Question posted in the National Credit Act Law category relating to Eastern Cape
Question value: R 450.00
Breakdown of events• On the 10th of August 2017 I signed an offer to purchase a property (22 Echola Street Motherwell Port Elizabeth) • Rakesh Sam attorneys were then instructed to convey the transfer by the seller, after ABSA Bank approved my home loan application.• The transfer was initially lodged on the 7th of November 2017 and finally registered under my name on the 22nd of January 2018.• ABSA Bank then transferred monies amounting to R415 000 for the sale of the property to the seller.• On the 2nd of February 2018 the seller moved out of the property and I was due to move in, a third party came with documents from the high court stating that they owned 50% of the estate and that the seller fraudulently sold the property.• I went to the police station and came back with officers to help mediate, the officers could not help with the matter, so they suggested that we take it to court.• I called the estate agent and conveyancers to inform them about the matter and I was told that the property was registered under my name and that the 3rd party had no claim over the property. • On the 5th of February 2018 I went back to the property where I found that the 3rd party had taken residence, I informed the real estate agent and Rakesh Sam Attorneys who then referred me to an eviction lawyer (Brian Maqungu Attorneys).• At the time I did not have the mental/emotional appetite to drag the matter further this resulted in me making the decision to not pay for the bond in hopes that the bank would reposes the house and sell it.• A court judgement was issued(attached copy) to transfer the property back to the estate, efforts were made to trace and contact the seller to reimburse the monies paid to no avail, this means that I would be left with the burden of paying off a home loan without a home.
-what obligations does absa bank have since there won't be any collateral for the home loan
-what are my options going forward?
Information Requested by Lawyer
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Are you able to send a copy of the court judgment to me at caselawja <at> outlook.com?
Answer to the Question
It looks like you have gotten into the middle of a family dispute regarding ownership of the property. It looks like Vuyiswa took control of the estate and sold the property to you when she was not legally allowed to do so. Then, the heirs came along and complained about this, and the High Court set aside your sale and transferred the property back into the estate.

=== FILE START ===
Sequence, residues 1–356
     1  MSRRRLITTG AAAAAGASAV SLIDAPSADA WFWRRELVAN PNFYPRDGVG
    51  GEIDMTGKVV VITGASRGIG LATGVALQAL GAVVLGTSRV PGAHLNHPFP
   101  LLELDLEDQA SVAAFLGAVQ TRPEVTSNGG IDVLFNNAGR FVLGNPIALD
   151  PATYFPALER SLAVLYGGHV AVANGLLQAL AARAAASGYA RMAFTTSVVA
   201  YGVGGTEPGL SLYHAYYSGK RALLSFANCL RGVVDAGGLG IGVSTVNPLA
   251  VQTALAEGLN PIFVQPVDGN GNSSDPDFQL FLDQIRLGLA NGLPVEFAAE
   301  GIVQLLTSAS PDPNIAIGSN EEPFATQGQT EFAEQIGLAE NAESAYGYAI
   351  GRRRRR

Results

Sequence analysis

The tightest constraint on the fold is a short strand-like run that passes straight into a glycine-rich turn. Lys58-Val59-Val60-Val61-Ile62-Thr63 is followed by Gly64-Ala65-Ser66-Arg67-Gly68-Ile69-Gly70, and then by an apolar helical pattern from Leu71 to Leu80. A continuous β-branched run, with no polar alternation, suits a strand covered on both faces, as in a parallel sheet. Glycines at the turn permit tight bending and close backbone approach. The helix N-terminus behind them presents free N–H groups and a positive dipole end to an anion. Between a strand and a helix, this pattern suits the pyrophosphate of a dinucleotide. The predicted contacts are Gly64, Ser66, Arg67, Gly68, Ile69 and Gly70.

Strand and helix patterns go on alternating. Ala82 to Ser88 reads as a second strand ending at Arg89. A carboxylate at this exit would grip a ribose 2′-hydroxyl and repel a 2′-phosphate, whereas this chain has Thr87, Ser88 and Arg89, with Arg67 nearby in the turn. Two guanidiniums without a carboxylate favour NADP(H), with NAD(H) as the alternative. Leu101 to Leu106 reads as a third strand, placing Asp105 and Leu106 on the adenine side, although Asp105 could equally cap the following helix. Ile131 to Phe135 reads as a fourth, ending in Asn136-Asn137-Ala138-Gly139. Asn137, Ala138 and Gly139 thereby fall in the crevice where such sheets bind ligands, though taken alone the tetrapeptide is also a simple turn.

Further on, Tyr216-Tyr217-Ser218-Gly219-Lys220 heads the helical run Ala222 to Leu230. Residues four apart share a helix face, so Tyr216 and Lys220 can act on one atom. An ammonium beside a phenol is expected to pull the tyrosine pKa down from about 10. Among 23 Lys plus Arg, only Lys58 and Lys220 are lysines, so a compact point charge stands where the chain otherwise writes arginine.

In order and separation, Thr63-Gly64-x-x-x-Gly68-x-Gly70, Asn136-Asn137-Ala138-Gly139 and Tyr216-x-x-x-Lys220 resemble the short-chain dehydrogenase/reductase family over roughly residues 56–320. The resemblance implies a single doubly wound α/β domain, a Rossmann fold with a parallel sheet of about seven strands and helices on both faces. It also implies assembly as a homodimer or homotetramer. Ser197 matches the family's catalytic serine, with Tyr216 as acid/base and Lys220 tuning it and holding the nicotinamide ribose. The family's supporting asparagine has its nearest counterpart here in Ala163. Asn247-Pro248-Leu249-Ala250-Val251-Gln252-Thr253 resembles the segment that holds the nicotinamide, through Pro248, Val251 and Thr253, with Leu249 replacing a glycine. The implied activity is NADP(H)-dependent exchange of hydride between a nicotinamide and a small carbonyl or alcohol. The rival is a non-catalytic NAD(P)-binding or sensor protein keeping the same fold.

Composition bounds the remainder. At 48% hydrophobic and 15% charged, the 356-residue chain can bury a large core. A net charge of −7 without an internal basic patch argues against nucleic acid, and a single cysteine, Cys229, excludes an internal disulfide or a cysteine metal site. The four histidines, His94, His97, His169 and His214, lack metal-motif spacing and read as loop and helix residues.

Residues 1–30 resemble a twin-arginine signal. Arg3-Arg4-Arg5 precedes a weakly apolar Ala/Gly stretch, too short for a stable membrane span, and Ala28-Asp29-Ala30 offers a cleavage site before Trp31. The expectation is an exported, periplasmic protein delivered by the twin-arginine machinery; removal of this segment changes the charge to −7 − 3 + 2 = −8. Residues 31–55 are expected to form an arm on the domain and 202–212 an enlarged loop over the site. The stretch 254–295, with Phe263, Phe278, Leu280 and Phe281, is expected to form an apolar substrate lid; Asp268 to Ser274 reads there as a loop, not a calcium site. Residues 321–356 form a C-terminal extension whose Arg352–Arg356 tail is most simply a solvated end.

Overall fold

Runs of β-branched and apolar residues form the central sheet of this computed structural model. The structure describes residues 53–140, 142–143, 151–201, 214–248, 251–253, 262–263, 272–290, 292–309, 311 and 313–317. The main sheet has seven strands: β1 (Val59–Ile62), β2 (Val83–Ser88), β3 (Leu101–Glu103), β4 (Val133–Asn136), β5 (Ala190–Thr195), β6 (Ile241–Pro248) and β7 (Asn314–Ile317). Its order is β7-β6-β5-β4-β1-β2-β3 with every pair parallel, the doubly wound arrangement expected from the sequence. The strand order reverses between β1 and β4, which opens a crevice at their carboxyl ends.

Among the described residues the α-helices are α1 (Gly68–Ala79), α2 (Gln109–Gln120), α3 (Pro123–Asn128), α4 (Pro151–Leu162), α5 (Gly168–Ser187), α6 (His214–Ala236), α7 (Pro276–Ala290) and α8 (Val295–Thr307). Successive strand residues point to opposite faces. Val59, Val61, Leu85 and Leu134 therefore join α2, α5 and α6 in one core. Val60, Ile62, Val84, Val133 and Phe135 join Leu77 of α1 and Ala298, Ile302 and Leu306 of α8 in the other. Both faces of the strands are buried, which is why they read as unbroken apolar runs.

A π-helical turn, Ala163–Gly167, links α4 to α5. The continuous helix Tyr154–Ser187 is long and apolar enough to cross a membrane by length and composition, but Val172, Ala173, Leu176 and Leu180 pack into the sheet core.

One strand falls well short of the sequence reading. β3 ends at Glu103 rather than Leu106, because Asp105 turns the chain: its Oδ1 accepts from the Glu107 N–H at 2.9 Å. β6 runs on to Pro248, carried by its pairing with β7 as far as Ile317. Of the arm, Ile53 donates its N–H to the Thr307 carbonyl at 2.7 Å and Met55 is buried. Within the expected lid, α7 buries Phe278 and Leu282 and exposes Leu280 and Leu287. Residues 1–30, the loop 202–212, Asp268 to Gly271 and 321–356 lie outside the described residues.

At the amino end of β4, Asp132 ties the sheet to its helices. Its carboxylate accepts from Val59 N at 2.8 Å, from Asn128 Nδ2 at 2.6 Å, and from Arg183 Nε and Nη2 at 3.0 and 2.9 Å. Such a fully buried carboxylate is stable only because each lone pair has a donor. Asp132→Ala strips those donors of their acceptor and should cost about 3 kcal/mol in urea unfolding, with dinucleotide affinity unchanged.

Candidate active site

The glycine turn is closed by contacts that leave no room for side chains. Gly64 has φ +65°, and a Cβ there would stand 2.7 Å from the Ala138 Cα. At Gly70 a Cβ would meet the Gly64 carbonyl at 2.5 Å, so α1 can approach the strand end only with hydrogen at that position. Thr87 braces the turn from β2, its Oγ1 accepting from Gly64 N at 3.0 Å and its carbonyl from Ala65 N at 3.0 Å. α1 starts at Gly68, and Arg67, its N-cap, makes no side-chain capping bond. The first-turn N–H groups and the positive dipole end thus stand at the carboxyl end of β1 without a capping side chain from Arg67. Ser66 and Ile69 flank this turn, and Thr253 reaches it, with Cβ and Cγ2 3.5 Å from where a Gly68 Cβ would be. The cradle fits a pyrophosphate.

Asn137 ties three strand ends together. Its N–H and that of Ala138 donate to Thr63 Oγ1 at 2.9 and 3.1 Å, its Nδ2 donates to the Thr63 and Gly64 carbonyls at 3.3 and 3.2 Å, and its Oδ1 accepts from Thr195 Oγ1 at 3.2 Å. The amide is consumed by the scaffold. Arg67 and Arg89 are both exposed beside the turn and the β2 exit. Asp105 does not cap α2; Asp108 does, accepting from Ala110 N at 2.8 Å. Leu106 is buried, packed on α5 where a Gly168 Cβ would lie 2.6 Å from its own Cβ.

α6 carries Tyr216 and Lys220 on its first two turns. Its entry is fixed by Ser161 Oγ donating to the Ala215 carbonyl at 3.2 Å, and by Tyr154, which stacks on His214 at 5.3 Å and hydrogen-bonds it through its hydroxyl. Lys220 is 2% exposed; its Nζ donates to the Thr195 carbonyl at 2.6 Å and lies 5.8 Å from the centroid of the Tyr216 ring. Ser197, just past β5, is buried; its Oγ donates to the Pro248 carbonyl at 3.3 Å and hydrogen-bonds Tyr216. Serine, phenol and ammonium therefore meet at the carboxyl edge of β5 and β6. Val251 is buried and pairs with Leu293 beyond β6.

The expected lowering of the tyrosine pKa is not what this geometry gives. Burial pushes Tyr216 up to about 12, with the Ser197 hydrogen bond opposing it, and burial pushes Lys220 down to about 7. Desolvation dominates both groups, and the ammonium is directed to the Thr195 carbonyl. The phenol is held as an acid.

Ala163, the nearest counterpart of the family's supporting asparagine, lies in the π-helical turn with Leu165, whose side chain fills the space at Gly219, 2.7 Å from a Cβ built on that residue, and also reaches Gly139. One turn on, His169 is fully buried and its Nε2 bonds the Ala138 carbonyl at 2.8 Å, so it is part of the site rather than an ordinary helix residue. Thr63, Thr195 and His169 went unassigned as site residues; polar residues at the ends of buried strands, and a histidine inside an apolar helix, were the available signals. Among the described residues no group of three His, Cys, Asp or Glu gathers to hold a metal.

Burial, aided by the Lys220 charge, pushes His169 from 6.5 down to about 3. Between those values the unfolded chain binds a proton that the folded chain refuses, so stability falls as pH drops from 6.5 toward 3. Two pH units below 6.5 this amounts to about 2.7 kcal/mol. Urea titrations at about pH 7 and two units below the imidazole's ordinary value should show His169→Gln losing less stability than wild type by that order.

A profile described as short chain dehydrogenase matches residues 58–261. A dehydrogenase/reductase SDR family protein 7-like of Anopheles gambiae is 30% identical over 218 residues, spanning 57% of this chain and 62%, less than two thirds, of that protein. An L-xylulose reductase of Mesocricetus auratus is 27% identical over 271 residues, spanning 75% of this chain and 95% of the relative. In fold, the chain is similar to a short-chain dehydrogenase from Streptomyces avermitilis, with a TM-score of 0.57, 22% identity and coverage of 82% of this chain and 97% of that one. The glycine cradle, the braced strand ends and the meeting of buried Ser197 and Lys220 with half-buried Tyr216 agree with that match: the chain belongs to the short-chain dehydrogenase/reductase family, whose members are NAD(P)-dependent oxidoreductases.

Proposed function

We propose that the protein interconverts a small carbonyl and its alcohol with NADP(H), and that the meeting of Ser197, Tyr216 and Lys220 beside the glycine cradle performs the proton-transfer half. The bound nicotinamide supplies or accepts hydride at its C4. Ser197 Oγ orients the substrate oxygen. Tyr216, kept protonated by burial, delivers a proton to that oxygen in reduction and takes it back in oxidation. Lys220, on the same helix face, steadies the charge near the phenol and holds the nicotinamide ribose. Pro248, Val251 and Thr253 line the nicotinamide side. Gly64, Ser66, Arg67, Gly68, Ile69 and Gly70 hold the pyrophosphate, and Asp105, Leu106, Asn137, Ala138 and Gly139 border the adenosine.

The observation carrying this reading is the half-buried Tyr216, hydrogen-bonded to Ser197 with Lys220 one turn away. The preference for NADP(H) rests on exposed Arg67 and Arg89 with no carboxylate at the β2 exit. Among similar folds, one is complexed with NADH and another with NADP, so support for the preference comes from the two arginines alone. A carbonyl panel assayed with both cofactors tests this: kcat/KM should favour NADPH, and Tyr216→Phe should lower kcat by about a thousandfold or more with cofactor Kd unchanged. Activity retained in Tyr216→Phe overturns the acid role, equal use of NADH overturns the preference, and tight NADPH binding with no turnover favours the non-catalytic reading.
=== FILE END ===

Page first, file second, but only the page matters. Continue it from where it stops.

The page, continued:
The full story is set out in the founding affidavit - which I assume that you've read.
Your issue is that you still have a loan with ABSA Bank for the purchase price that you borrowed from ABSA Bank. That loan has not been cancelled and actually continues to exist. You will need to continue making payment in terms of the loan agreement.
The issue for ABSA Bank is that their security (the property, and the mortgage bond) are now GONE and that means that they are at risk if you don't pay. This isn't ideal for them, but they could still attach your other assets (e.g. car, furniture, etc) in order to recover the loan.
What you need to do is to find the seller (The first respondent) and sue her for the return of your money. She has your money, you lost the house, she was not legally allowed to sell the house to you, so she must give your money back - with interest.
You will then be able to repay ABSA Bank under your loan agreement with them.
Information provided by client
-is there no arrangement I can make with ABSA Bank that is backed by the credit act?
Answer to the Question
If you find the seller, you can always file a claim against their estate! The executor of the estate will then need to deal with your claim. This might be a good thing, because the executor might simply accept the claim and pay you out!
Q: Is there no arrangement I can make with ABSA Bank that is backed by the credit act? --> No. Not that I have ever come across. Sorry.